On the way back from our sledding mishap, we stopped for gas and a quick bite to eat at the Duck Rock Resort in the small town of Dunchurch, Ontario. Unable to eat, because all I could think about was how to tell my dad when him and my mom got back from their sunny southern vacation, we kept on with our journey home.
The normal hour ride took twice that time with the rain and the sloppy trail conditions. We stopped at our close friends Mark and Deb Tiffany’s place, where their son and one of my best buddies ever, Josh, gave us a much appreciated warm ride home in his truck. Once home, Rob and I set out to build our saving grace. Since the sled was literally unmovable under its own power, we knew we were going to have to tow it out of the bush… but how? With the soft snow and insane amount of slush it would be impossible to drag the broken sled out on its own. We needed to create a sled for our sled.
As a proud racer sponsored by C&A Pro Skis, I had a few extra pairs of skis kicking around, including the amazingly wide and floatable MTX Mountain Skis. With the skis laid out, Rob set to cutting up 2x4’s to be bolted to the skis and then screwed together with more 2x4’s. The best part about my Dad being in the carpentry business is the fact that there is ALWAYS loads of scrap wood around the house that we can use for projects such as this. Once our contraption was laid out we did a test with my mom's sled to make sure that it would fit, and… Woo-hoo, it fits! Now let's get some sleep before tomorrow morning arrives.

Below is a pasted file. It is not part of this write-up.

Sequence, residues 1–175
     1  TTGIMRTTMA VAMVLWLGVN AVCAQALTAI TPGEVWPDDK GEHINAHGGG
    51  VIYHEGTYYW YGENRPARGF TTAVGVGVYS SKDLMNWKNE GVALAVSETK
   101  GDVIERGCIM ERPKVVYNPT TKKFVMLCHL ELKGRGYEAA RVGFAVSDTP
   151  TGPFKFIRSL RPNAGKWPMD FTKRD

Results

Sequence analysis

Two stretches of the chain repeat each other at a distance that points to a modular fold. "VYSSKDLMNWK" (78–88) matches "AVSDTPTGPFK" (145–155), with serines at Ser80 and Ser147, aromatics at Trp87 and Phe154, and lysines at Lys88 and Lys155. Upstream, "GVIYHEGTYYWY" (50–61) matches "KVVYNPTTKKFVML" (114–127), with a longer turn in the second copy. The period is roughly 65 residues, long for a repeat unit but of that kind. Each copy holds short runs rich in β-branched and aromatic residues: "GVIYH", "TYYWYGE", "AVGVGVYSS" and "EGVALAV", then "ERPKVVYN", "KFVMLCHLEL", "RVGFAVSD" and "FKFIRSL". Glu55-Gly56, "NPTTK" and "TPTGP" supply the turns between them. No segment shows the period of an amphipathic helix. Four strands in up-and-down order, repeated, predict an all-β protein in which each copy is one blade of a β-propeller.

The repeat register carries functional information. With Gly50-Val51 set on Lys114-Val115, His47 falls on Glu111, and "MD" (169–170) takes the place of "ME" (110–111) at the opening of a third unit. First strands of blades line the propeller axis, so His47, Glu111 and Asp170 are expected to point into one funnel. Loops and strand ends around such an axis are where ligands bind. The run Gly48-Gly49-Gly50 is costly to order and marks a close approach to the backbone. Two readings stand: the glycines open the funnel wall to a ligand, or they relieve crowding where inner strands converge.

First thing Sunday morning, Josh arrived to give us a much needed hand with our rescue mission. We loaded up my 2012 600 RS (race sled) and Josh brought along his 2013 600 Freeride long track. We figured we would need something with a lot of power and traction to pull all that deadweight out of the bush and through the slush. With the sleds, C&A rescue sled and gear packed, we headed north along Highway 124 to our destination. Once arriving at the closest inception point, we unloaded, bundled up and headed into the bush.
I’m not going to lie, part of me was thrilled to see the beast still sitting where we left it, but the other half of me had secretly been hoping it had just disappeared or mysteriously burned to the ground. Nope, no such luck, there it was in all its glory with a fresh dusting of snow covering its back. Alright, here we go, the toughest part of the journey. Lucky for me, I had brought along two strapping young fellas who did most of the lifting, hauling and manhandling. I helped where I could but these two seemed to know what they were doing. Of course, no one is ever really prepared for this… but the boys learned from their mistakes, corrected and improved their techniques and did the best job possible.
The 4km stretch of winding trail, slush-filled ponds and steep hills made for a very long trip back to the trailer. In the end, after many pit stops to cool machines and reposition ratchet-straps, we successfully made it to the road and finally back home. And now we encounter the next stage of the rescue… paying for the parts and fixing it. OUCH. That’s one weekend adventure I will never forget and probably never let Rob forget either!
Check out the video here!